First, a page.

×

  • Insurance cannot be denied if patient decides to stop treatment against advice: Court

    May 24, 2016

    We have all seen situations where the insurance companies try to run away from the claims made by their clients, citing so-and-so clause of the company rules. In such a case in an insurance company challenged the order of a claims tribunal to pay Rs 35.46 lakh to the family of a deceased who was admitted to hospital after suffering severe head injury in a road accident but decided to leave against doctors' advice when they did not see much chance of recovery.

    The insurance company claimed it was not liable for the damages because the deceased had left the hospital against medical advice. The high court rejected their plea and ruled in favor of the family of the deceased.

    The family of a terminally ill person who decides to stop treatment against medical advice and dies cannot be denied insurance claim, the Punjab and Haryana high court has ruled.

    The high court has also clarified that a patient's desire not to be treated is an issue of `patient autonomy' and `embracing dignity in death'
    This has not been the first of such cases. The instances are in plenty of cases where the insurance companies have used the Leave Against Medical Advise (LAMA) clause as an excuse for declining the insurance claims of the kin of the deceased person.

    “Whether the patient shall be allowed to die by withdrawal of life support is quite different from a patient expressing desire not to be treated. In the former, we are broaching issue of passive euthanasia and in the latter, it is an issue of patient autonomy,“ the bench of Justice K Kannan said in its order that could come as major relief to many such families who are burdened with huge medical costs. Justice Kannan, in his order delivered last week, took the subject to a higher level stating that patient autonomy in the manner of treatment is a facet of human right and it cannot be ever contended in court that the patient ought to have taken treatment that had a good prognosis for recovery.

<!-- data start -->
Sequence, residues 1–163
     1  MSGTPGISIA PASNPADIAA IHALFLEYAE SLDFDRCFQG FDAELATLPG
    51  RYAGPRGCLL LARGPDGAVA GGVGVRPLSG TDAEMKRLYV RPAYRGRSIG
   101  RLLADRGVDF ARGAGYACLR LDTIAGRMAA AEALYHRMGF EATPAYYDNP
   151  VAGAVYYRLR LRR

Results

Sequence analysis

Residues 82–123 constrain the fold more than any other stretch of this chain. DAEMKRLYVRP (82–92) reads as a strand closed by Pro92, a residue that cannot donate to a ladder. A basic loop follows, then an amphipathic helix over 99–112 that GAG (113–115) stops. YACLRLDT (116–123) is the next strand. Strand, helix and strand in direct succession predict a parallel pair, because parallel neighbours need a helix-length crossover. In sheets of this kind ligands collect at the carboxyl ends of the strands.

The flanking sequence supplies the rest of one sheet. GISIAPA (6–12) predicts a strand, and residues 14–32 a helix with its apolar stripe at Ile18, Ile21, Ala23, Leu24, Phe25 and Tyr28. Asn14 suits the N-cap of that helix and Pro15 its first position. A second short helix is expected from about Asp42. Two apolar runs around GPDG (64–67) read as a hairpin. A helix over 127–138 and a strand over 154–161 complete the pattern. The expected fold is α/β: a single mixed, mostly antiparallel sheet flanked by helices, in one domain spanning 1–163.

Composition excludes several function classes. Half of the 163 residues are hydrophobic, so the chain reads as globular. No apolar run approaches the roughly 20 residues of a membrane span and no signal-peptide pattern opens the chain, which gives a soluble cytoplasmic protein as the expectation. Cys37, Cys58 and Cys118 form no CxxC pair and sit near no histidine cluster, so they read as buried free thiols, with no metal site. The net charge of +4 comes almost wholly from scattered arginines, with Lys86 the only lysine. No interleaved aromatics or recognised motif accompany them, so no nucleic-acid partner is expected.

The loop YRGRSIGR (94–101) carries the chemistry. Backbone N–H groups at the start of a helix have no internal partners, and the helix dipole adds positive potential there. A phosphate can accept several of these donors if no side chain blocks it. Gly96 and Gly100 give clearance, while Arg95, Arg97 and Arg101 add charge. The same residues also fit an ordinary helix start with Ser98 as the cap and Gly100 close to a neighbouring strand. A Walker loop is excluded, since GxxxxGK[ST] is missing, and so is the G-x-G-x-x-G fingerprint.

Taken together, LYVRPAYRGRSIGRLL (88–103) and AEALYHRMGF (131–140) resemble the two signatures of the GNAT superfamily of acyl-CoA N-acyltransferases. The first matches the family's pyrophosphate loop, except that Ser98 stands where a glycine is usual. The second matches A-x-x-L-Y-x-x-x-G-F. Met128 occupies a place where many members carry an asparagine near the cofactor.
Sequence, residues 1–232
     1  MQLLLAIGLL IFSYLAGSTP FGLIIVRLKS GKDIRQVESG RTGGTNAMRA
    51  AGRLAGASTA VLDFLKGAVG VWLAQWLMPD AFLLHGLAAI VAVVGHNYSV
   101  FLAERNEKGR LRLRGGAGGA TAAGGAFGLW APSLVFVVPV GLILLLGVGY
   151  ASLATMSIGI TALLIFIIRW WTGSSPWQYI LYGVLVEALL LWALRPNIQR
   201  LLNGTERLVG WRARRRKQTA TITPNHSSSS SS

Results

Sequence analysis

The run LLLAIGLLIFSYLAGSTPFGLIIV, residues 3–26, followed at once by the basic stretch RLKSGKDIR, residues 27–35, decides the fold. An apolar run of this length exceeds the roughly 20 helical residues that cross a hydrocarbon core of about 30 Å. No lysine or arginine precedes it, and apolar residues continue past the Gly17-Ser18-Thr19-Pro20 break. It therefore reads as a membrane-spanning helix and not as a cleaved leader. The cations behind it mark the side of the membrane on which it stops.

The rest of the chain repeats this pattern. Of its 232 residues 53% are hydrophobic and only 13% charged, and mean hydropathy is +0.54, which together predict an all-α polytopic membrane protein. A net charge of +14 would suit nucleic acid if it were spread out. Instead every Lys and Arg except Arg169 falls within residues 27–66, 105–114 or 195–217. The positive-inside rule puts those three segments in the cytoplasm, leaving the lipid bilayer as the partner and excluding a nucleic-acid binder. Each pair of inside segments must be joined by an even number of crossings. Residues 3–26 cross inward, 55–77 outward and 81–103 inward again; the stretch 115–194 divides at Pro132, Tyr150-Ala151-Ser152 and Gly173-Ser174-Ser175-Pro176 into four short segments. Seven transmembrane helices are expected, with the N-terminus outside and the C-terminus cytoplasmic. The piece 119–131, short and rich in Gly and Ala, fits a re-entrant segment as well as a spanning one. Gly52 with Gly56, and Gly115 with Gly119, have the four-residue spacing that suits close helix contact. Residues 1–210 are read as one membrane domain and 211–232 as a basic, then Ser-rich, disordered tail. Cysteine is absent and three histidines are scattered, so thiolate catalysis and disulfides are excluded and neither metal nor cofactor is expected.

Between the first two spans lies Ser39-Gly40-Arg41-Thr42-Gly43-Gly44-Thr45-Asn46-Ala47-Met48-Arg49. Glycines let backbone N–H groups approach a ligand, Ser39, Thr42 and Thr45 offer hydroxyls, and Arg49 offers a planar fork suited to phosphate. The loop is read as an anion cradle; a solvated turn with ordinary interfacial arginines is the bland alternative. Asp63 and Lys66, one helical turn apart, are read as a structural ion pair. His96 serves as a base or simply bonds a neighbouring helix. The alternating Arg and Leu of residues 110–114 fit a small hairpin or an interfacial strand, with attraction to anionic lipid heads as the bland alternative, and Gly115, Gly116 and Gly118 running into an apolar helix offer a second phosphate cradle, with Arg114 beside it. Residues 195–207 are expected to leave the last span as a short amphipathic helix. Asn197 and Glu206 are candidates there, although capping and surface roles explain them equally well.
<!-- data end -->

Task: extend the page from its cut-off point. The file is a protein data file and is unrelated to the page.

“There have been instances where due to religious beliefs (for instance, Jehovah's witnesses' denial of blood transfusion), patients have declined to take treatment and courts have confronted these problems as well and come to decisions of hands-off approach,“ he said.

    In this case, 56-years old R K Dogra, a bank employee from Chandigarh, had suffered head injuries in a road accident on March 15, 2013. On March 19 that year, he was discharged from the hospital in a satisfactory condition but readmitted on May 3 and the summary of treatment recorded from the hospital showed that the problem was diagnosed to be “right temporoparietal bleed with midline shift“.
    The condition of the patient was stated to be bad but he was discharged on May 7 against medical advice. He died the same day.
     

    OUR TAKE

    The court did a great job in giving out the judgment and in the process of doing so, the court also informed the general public. The court informed the public about the difference between passive euthanasia and issue of “patient autonomy”. While reports have shown that leaving against the medical advice of the hospital or the doctor can prove detrimental to the patient. But the final decision should always be in the hands of the patient. Kudos to the court on handling the case in such a professional and diligent manner. 


Latest News